On May 27, 2010
A HIGHLANDS RANCH MAN SENTENCED TO PRISON FOR POSSESSION OF CHILD PORNOGRAPHY
DENVER – Wayne Cook, age 45, of Highlands Ranch, Colorado, was sentenced Tuesday by U.S. District Court Judge Robert E. Blackburn to serve 84 months (7 years) in federal prison for possession of child pornography, United States Attorney David Gaouette and FBI Special Agent in Charge James Davis announced. Following his prison sentence, Cook was ordered to serve 5 years on supervised release. Judge Blackburn also ordered Cook to participate in a sex offender evaluation program as well as register as a sex offender. Cook was also told that he is subject to unannounced searches, including his residence, vehicle, computer or other electronic media. The defendant appeared at the sentencing hearing free on bond. He was ordered to report to a Bureau of Prisons facility after designation.
Wayne Cook was first charged by Information on January 14, 2010. To be charged by Information a defendant waives the Constitutional right to be indicted by a grand jury. On February 1, 2010, an amended Information was filed. Cook pled guilty before Judge Blackburn on February 3, 2010. He was sentenced on May 25, 2010.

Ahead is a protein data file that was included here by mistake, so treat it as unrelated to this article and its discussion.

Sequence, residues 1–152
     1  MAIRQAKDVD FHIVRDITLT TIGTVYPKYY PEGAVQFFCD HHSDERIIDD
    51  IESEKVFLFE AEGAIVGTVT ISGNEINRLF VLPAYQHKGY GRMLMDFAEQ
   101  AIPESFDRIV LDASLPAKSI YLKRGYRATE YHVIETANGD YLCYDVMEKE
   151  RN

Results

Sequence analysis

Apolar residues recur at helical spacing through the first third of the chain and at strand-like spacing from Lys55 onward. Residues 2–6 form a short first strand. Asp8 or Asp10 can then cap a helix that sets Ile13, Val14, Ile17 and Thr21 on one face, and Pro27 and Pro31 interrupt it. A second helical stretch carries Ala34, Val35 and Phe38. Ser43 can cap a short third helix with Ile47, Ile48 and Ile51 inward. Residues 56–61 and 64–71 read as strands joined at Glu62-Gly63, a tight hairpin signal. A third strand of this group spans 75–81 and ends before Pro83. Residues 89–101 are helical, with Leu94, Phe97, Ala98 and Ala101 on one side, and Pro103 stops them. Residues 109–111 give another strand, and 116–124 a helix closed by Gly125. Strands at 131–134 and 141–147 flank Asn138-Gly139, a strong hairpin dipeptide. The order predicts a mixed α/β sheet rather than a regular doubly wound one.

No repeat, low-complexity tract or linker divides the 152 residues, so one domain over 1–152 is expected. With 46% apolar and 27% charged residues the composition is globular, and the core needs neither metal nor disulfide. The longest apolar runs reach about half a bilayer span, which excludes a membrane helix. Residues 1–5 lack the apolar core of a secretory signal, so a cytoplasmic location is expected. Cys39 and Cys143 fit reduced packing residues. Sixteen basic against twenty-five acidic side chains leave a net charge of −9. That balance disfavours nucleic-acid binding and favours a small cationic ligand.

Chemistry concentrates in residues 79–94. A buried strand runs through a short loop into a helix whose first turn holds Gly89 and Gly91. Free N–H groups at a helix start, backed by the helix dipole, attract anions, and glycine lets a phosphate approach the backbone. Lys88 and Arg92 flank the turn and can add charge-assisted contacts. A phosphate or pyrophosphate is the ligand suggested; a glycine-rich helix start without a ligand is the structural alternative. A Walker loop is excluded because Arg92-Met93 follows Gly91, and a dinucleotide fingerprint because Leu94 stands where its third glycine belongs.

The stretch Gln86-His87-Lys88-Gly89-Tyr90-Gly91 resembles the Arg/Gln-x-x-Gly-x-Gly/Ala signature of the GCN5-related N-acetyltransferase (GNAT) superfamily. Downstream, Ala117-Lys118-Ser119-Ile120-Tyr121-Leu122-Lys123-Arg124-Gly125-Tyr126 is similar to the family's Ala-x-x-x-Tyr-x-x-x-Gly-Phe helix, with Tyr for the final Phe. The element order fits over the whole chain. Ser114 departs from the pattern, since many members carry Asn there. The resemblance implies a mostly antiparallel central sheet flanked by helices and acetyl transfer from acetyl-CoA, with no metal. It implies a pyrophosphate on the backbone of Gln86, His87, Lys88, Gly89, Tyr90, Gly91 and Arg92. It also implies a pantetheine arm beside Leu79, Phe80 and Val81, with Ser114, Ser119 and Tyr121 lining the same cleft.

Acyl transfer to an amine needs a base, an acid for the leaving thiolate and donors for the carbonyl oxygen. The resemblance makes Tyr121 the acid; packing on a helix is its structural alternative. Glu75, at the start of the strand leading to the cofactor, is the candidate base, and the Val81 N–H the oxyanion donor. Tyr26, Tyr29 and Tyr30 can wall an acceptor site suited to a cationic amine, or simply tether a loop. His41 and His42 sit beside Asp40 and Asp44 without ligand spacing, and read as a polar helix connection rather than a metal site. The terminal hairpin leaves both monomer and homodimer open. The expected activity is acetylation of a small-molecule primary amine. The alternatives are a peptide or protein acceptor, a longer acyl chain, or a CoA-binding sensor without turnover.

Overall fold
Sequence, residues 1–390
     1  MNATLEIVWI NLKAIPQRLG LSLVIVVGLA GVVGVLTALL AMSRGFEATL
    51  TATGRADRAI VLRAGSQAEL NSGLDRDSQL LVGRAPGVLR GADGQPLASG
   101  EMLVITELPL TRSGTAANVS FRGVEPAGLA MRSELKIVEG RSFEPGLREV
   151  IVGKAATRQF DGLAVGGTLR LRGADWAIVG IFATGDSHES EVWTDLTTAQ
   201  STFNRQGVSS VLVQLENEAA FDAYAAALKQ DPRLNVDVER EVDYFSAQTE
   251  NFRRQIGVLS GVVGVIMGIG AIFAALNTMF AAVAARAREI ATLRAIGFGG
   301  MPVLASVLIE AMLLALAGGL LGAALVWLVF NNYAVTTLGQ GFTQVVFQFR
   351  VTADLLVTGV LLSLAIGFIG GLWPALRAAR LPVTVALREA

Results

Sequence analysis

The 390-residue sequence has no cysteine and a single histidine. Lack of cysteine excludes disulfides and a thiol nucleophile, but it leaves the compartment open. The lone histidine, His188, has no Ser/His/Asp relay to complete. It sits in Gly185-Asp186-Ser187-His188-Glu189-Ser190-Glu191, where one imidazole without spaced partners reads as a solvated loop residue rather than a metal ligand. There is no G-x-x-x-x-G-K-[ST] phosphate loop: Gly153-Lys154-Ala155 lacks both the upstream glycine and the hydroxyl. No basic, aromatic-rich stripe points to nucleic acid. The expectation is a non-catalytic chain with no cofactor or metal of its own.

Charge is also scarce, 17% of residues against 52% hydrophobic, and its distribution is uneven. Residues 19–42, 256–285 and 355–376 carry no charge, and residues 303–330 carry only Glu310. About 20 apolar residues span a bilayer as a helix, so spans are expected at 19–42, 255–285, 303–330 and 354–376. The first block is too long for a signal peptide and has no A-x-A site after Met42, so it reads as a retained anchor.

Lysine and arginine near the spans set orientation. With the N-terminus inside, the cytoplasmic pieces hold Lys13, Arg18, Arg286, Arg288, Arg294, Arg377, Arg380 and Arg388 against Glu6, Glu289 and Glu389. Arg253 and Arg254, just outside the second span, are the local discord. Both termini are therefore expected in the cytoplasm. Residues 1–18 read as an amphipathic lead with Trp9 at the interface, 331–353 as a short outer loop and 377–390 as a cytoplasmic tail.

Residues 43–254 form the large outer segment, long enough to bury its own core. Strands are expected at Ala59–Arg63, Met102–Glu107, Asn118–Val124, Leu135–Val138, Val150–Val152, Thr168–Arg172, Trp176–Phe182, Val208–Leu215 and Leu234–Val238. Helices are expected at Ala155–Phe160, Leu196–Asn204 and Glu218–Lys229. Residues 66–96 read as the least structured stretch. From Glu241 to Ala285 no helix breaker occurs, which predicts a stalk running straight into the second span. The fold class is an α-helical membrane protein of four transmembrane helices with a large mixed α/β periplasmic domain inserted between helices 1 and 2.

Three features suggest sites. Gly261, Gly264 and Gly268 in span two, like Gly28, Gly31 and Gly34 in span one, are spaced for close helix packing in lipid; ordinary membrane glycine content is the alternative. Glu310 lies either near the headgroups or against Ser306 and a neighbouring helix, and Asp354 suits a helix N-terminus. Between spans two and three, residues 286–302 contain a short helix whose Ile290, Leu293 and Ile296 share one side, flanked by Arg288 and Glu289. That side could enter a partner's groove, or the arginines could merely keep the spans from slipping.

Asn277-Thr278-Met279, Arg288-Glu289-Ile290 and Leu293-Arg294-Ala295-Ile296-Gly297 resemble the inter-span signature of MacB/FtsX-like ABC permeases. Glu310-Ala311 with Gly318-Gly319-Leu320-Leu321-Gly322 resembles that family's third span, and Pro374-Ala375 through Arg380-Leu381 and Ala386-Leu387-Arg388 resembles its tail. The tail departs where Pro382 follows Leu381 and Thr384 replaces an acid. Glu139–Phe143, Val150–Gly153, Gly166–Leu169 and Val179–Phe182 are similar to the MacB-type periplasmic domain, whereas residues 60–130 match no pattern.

According to the stipulated facts contained in the plea agreement, on April 23, 2008, an FBI agent in Oklahoma, operating in an undercover capacity, connected to a “peer to peer” network, then searched for files of child pornography available for downloading. Further investigation revealed that the child pornography came from a Highlands Ranch address belonging to Wayne Cook. On October 31, 2008, FBI special agents executed a federal search warrant at the Highlands Ranch address. Agents seized a computer, which was later subjected to forensic examination. That examination revealed that the computer contained approximately 2,000 images and 30 videos of suspected child pornography. All of the images contained on the computer depicted children under the age of 12 years old.
The Cook case was investigated by Special Agents and Task Force officers with the Federal Bureau of Investigation’s Innocent Images Task Force.
H. Michael’s Take:
If you are prosecuted in the Federal System for Child Pornography – the penalties are very harsh as a result of a crackdown by Congress begun on 2004 on the proliferation of “Innocent Images.”
These cases are very difficult and require a great deal of experience and understanding of the poissible defenses — and – in the absence of a “workable” defense – negotiating with the United States Prosecutor for a reasoned – pre-indictment agreement.